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Here's one celebrity trend you should avoid: having no will.
Aretha Franklin, who died Thursday in her Detroit home after a long battle with pancreatic cancer, did not have one in place, according to published reports. She was 76.
Her four sons on Tuesday filed a document with the Oakland County Probate Court in Michigan that lists themselves as interested parties in Franklin's estate. A niece also asked the court to appoint her as personal representative of the estate.
Of course, Franklin wouldn't be the first person to forgo plans for her assets. Nearly 60 percent of U.S. adults don't have a will, according to Caring.com. She also isn't the first celebrity to die without one.
While you might assume estate planning only applies to wealthy people, that's not the case. An estate only refers to what you own: financial accounts, real estate and possessions.
Putting a plan in place for those assets helps ensure that upon your death, your wishes are carried out and that family squabbles don't evolve into destroyed relationships.
In other words, it's partly about making things easier for your loved ones during an already-difficult time.
Here are some basics that can go a long way toward leaving your affairs in order.
If you have little in the way of assets, you might think you don't need one. Guess again.
If you pass away without it — called "dying intestate" — the legal system in your state will decide who gets your assets, no matter how massive or meager.
Worse, if minor children are left parentless and there is no will stating who you want to care for them, guess who appoints a guardian? A judge. And that's after family members have potentially given their 2 cents.
"If no guardian is named, then it can be a free for all," said Elise Gross, an estate-planning attorney and of counsel to the Presser Law Firm in Boca Raton, Florida. "It could be an ugly and uncomfortable situation, which is not best for the children."
The person you name as executor of your estate will face what can be a daunting job, so choose wisely.
Things such as liquidating accounts, ensuring your assets go to the proper beneficiaries, paying any debts not discharged (i.e., taxes owed to the IRS), and even selling your home could be among the duties undertaken by the executor.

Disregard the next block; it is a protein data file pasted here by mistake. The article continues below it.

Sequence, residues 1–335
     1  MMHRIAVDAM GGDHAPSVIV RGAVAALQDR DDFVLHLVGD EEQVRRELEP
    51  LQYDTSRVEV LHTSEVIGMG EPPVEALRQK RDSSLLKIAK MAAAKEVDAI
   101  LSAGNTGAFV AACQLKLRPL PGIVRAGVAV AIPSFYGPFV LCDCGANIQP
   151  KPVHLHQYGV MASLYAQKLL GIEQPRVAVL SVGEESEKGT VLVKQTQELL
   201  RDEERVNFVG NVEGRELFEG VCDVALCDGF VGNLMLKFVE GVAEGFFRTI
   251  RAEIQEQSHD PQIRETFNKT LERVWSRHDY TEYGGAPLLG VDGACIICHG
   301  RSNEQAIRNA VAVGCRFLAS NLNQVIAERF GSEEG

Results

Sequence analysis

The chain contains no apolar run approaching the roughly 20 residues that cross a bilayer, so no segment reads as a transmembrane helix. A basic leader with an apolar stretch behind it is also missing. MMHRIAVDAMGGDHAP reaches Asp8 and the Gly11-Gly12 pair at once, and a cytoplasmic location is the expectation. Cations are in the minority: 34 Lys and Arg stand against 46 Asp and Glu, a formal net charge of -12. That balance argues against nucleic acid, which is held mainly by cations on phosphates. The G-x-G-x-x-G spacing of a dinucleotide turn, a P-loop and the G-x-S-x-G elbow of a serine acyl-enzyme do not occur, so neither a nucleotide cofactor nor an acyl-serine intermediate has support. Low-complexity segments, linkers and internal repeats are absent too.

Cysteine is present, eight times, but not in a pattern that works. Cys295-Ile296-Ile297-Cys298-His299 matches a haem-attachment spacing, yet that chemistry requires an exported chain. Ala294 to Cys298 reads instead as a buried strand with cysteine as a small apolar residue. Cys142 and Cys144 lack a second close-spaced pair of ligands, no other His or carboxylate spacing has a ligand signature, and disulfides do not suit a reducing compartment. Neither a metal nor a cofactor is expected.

"You want it to be someone you trust, someone who's financially savvy enough to understand things and can deal with the beneficiaries," Gross said. "It's a big job."
In other words, just because you've known your best friend since elementary school doesn't mean handling the challenge of being an executor is up her alley. Same goes for a trustee, if you set up a trust.
People often mistakenly think that in their will, they can name who gets the money in retirement accounts, life insurance policies and the like. Wrong.
The person listed as the beneficiary on each of those accounts will get the money even if your will says otherwise.
Also, when life changes, remember to update the beneficiaries on those accounts.
Also known as a living will, this document outlines your wishes if you become incapacitated due to illness or injury.
Say you are on life support. Instead of a loved one making the agonizing decision whether to end all life-saving measures, your wishes would be specified in a legal record.
If you become incapacitated, the people you grant powers of attorney will handle your medical and financial affairs if you cannot.
Often, the person who is given this responsibility when it comes to your health care is different from whom you would name to handle your financial affairs.
As with choosing an executor, make sure whoever you hand the financial reins to is trustworthy and smart.
"This person can be messing with your assets while you're alive," Gross said. "You're giving someone signficant power."
While it can be hard to imagine your own death, picture your family having to search through drawers for your original will, documents regarding your bank accounts and other assets, and maybe even your Social Security number.
The best way to avoid forcing them to deal with that task on top of mourning is to leave an organized list of information that the will's executor will need to settle your estate. Be sure this includes passwords so your online accounts can be accessed.
"I think there should be a binder that has all the information and you tell whoever is in charge where they would find it," Gross said. "Just be careful where you put it, and don't make any copies."
Life changes. And as it does, so should your will.
Couples split up, relationships change and new assets are acquired or disposed of. The person you named as your child's guardian might have developed an unsavory lifestyle, or your executor might have passed away.
Any time a major change occurs in your life, it's time to make sure your will reflects it. Otherwise, review it every few years.
"It's important to at least revisit it to make sure if you're good with how it is or see if you have changes to make," Gross said.
Correction: This story was revised to correct the state where the court filing was made. It was in Michigan.